Tuesday 6 January 2015


Ah I found this ages ago and have been meaning to share it ever since. I'm not usually a fan of crazy jazz, or maybe I don't know what jazz is. Can jazz be anything? Does it have to sound jazzy? Hmm. Maybe this is "contemporary" jazz. I found this because I don't really subscribe to many people on YouTube and the one person I do subscribe to is this guy from South Korea who films lots of music and culture stuff.

Anyway yeah, this is the Sungjoon Kim Quartet (or 김성준 쿼텟) performing a track simply called 'No. 2' – except this time around it's a sextet, with an additional saxophonist and a zither type thing. This is actually called a yang-geum, which is a traditional Korean instrument, and this would make more sense in this instance given that SJQ (as they are known) is a South Korean entity of jazz.

It's headed up by jazz saxophonist, Sungjoon Kim. After graduating from Berklee College of Music in Boston, he moved to NYC and sat in on many jam sessions, taking the new experiences back with him to South Korea in 2010, where he makes music and teaches as a professor at Soongsil University and Baekseok University. Jun Kim is on guitar, Doc Skim is playing synth bass, and Woongwon Hahn is on drums. This is SJQ. The girl playing the yang-geum is possibly Hwiseon Choe and the additional (tenor) saxophone guy might be Jeeseok Kim.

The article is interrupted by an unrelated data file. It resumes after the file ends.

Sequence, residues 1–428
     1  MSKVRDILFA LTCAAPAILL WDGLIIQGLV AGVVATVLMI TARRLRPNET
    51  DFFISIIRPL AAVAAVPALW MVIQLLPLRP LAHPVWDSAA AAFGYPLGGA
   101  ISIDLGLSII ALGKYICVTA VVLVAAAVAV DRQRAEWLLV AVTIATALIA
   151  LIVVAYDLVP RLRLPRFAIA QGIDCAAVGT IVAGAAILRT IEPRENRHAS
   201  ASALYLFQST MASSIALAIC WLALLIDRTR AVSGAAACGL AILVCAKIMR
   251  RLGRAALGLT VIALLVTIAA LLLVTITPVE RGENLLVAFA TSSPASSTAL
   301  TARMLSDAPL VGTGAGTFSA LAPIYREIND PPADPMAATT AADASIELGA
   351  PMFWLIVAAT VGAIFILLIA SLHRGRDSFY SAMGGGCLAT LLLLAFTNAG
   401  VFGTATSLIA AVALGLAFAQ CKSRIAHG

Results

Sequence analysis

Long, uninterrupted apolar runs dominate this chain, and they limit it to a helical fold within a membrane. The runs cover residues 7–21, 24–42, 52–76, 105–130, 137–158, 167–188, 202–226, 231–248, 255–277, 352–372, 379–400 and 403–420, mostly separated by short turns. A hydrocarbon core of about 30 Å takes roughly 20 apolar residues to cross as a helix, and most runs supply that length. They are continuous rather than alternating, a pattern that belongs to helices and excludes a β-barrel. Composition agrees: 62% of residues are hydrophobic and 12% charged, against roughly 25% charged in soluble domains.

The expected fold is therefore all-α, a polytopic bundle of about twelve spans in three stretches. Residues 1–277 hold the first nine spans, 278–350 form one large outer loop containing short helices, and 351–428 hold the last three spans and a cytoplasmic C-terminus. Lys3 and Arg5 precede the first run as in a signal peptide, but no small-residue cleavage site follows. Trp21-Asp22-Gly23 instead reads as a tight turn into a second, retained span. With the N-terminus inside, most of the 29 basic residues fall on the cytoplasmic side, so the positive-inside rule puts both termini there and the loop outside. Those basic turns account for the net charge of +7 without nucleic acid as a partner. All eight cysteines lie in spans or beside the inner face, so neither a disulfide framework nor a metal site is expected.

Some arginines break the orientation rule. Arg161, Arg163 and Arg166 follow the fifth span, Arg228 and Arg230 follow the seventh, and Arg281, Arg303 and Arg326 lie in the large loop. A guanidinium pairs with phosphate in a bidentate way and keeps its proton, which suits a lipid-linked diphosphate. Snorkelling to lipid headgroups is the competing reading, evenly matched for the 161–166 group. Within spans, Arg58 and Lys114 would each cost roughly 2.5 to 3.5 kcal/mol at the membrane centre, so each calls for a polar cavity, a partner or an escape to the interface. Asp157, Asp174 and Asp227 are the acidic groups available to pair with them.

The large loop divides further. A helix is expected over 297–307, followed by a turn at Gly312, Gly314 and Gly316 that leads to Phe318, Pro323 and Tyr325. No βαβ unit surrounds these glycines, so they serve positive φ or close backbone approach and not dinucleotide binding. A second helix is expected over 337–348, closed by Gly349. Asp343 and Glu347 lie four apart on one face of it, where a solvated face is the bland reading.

The track, performed live at VELOSO in Seoul, is a mad slice of bustling energy, a large helping of hot and sticky music, sultry and humid, permeated with cool calm in the form of constant laid-back guitar chords, all the while the bulging bass supports beneath it all. It begins with saxophone flourishes, a kind of brass call-and-response, the yang-geum solo is particularly fresh, hearing it in this jazz context gives it a whole new meaning, a twist on tradition.

The guitar solo is a break in the craziness after some crashing dynamic punctation from the drums, a soothing oasis from the screaming saxophones, which soon itself bleeds back into high-energy, rapid-fire playing, building to a crescendo which drops us off full circle, to the ascending saxophones that played at the start.

Whew. I don't ever write about jazz and I'm sorry if you don't like it but you should give it a listen anyway, it's really cool. It's 11 minutes long but I'm sure you can deal with it.

Sungjoon Kim Quartet Social Media Presence ☟
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